more than make up for this. HippoSpell is solid, workable, does what it
is designed to do, and does it very fast.
by GIGI BISSON, Antic Assistant Editor
Real IBM PC compatibility will finally become a reality for the Atari ST. At computer shows in Paris, London and West Germany, Atari Corp. unveiled a product prototype code-named the "MS-DOS Box."
Designed by Atari engineer Jim Tittsler, the MS-DOS emulator is essentially an 8088 microprocessor board encased in metal like a hard-disk drive and plugged into the DMA (Direct Memory Access) port. It comes with 512K memory, an 8088 microprocessor and a socket for the 8087 math co-processor. Atari hopes to keep the price under $300.
Atari claims the MS-DOS emulator will enable the ST to be compatible with 90% of IBM PC software at speeds greater than the IBM PC. However, Tittsler says the box won't be able to run graphic-based software such as Lotus 1-2-3 until the final BIOS routines are written.
THE CP/M ST?
CP/M, one of the earliest microcomputer operating systems, is used by the Osbome, Kaypro and other computers. Availability of CP/M for the ST will open up enormous libraries of existing software. At this writing, Atari Corp.'s $49.95 CP/M Operating System emulator is already in use in West Germany. Licensing agreements are different in Germany, where computer magazines are advertising Micro Pro Wordstar 3.0 "fur den Atari ST" in 3.5-inch ST disk format. The German magazine ST Computer featured a review of Borland International's Turbo Pascal running on the ST with CP/M emulation. According to John Scruch at Atari, the emulator should be shipped in the U.S. by the time you read this.
Atari Corp., 1196 Borregas Avenue, Sunnyvale, CA 94086. (408) 745-2367. BETA.
No hype. It's the largest computer and electronics trade show in the world. CeBIT, known to the industry as the Hanover Faire, is even grander than the mighty COMDEX. The annual show in Hanover, West Germany boasted 2,100 exhibitors spread throughout 205,000 meters of display area in 13 buildings. Atari Germany spared no expense at the lavish booth tempting dealers and retailers with rich food, German beer and fine chocolates. Once again, the booth was open to nearly 50 third-party software developers.
At the Atari Computer Show sponsored by AtariUser magazine in London, Jeff Minter, the long-haired 23-year-old president of Llamasoft, created stroboscopic fireworks and pulsating colors on his new ST Colourspace light synthesizer. Not suprisingly, in the Colourspace manual Minter cites as his influences, "Rock groups Rush, Genesis and Pink Floyd." The $29.95 program is now being distributed to U.S. dealers.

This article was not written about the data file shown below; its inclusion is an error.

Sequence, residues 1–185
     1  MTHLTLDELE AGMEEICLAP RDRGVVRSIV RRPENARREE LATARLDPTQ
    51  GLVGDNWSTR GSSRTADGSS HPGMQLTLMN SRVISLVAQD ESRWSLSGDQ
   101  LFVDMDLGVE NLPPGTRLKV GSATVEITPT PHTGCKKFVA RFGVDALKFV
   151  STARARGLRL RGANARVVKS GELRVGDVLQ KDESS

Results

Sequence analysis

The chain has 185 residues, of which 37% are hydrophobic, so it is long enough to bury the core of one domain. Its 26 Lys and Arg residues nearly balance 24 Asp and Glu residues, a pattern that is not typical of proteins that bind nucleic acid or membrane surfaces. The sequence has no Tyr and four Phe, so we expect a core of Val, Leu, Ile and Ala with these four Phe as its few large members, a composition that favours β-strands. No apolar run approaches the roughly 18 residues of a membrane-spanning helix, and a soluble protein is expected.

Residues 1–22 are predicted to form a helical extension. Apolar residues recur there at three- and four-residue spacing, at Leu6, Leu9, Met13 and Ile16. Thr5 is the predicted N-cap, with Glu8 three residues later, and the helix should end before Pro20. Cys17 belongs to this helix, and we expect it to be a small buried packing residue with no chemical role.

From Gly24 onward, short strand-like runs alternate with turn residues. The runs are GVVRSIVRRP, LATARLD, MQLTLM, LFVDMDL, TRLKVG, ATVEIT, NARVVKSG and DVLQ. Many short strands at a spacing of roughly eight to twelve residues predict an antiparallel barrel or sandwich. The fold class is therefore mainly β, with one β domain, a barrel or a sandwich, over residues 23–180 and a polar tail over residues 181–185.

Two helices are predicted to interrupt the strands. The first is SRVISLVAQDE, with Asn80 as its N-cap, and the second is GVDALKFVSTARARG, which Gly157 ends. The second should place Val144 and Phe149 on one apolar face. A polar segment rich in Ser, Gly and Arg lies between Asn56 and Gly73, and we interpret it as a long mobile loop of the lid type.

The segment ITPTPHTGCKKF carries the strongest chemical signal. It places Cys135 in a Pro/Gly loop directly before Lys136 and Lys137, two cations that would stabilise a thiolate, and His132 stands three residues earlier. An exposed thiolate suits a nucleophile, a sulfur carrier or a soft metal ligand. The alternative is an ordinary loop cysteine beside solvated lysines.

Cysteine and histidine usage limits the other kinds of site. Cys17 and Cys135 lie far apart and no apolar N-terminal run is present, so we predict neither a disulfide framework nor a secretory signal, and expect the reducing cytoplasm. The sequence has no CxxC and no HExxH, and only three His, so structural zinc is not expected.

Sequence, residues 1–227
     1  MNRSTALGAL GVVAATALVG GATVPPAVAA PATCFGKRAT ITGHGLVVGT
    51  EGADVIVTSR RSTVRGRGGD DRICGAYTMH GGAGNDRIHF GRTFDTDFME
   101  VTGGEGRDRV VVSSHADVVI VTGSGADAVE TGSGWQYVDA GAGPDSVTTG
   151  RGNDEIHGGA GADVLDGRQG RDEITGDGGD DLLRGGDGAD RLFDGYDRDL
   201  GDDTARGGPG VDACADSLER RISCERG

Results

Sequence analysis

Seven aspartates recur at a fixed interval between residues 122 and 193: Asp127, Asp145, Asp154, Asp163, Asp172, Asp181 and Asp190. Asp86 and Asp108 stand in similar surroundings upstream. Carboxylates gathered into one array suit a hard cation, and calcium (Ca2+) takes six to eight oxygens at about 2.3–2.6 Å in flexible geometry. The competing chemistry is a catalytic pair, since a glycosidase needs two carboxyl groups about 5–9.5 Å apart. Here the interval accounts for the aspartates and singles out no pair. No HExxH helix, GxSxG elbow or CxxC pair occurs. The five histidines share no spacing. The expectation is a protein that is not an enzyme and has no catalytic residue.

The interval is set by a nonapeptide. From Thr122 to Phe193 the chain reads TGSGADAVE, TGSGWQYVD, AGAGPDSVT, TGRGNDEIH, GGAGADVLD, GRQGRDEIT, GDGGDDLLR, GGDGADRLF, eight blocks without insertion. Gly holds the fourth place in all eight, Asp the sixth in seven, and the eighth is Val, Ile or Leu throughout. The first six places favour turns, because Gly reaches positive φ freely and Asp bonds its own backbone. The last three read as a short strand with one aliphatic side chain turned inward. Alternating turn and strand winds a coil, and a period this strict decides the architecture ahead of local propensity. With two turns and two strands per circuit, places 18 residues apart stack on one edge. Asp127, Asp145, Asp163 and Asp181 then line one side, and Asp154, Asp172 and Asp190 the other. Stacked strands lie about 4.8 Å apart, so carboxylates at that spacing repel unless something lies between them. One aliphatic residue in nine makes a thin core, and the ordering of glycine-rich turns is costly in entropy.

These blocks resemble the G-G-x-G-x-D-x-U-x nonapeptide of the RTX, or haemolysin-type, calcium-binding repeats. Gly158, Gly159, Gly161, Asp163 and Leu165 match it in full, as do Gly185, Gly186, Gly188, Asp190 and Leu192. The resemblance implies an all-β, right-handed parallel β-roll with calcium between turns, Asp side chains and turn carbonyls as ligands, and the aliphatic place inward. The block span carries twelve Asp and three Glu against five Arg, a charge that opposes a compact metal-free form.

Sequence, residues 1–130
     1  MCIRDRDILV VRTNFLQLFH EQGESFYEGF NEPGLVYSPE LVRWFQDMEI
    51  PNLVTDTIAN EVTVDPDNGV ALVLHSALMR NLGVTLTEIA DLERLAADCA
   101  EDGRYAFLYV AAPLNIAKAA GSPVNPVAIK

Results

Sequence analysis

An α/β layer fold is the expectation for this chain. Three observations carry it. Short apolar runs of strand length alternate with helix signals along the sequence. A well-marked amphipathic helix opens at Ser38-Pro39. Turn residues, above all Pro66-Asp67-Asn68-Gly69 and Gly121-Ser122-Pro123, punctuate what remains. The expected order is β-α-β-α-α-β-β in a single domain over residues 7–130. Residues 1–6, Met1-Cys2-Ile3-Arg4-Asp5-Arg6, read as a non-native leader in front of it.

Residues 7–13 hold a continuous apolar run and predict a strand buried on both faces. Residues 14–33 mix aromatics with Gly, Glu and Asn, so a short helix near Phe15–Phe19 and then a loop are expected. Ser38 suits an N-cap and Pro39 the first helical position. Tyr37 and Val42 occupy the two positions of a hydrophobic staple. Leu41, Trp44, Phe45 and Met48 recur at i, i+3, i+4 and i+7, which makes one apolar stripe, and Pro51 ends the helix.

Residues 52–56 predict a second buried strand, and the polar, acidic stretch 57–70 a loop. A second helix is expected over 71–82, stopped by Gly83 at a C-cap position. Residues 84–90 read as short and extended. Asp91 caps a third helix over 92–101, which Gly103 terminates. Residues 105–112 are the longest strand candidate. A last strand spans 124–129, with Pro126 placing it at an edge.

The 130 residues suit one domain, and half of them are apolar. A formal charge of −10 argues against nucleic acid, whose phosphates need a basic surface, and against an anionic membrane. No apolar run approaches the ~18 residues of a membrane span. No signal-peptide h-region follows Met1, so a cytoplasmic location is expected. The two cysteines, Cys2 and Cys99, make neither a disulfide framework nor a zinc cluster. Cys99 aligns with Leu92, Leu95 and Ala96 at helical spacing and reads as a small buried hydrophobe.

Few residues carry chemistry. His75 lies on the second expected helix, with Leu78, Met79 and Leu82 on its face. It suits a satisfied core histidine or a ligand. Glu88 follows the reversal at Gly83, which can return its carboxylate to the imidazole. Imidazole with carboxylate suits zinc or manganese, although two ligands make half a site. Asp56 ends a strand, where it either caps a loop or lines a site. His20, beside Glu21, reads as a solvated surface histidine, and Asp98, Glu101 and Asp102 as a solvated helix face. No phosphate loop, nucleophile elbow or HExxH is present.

Apex Resources, 17 St. Mary's Court, Brookline, Mass. (617) 232-9686. FINAL.
European universities are adopting the ST as the machine of choice. Fortran 77, long a standard in universities, is finished from two companies-Philon in New York and Prospero in the U.K. With GEM bindings included, Prospero Pro Fortran retails for $149.95. Philon's Fast/Fortran is $299. Fortran in one standard or another has been around since the late '5 Os, so the ST can take advantage of existing quantities of Fortran-compatible public domain engineering and educational software.
Prospero Software, 190 Castelnau, London SW13 9DH, England. 01-741-8531. FINAL.
Philon, Inc., 641 Avenue of the Americas, New York, NY 10011. (212) 807-0303. FINAL.
THE MAC ST
After Europe, the West Coast Computer Faire in San Francisco looked like a swap meet in comparison. Crowds were ample, new product displays were slim.
The most controversial product at the Faire was Data Pacific's Mac Cartridge. Invented by Antic Contributing Editor David Small, Mac Cartridge allows a one-megabyte ST to run software written for Apple Computer's Macintosh.
It's an eerie sight watching MacPaint appear on the larger 1040ST screen as Small zips through window after window, at speeds 20% faster than the Mac. He has the cartridge up and running-with one minor hitch. It requires the Apple Macintosh ROM chip.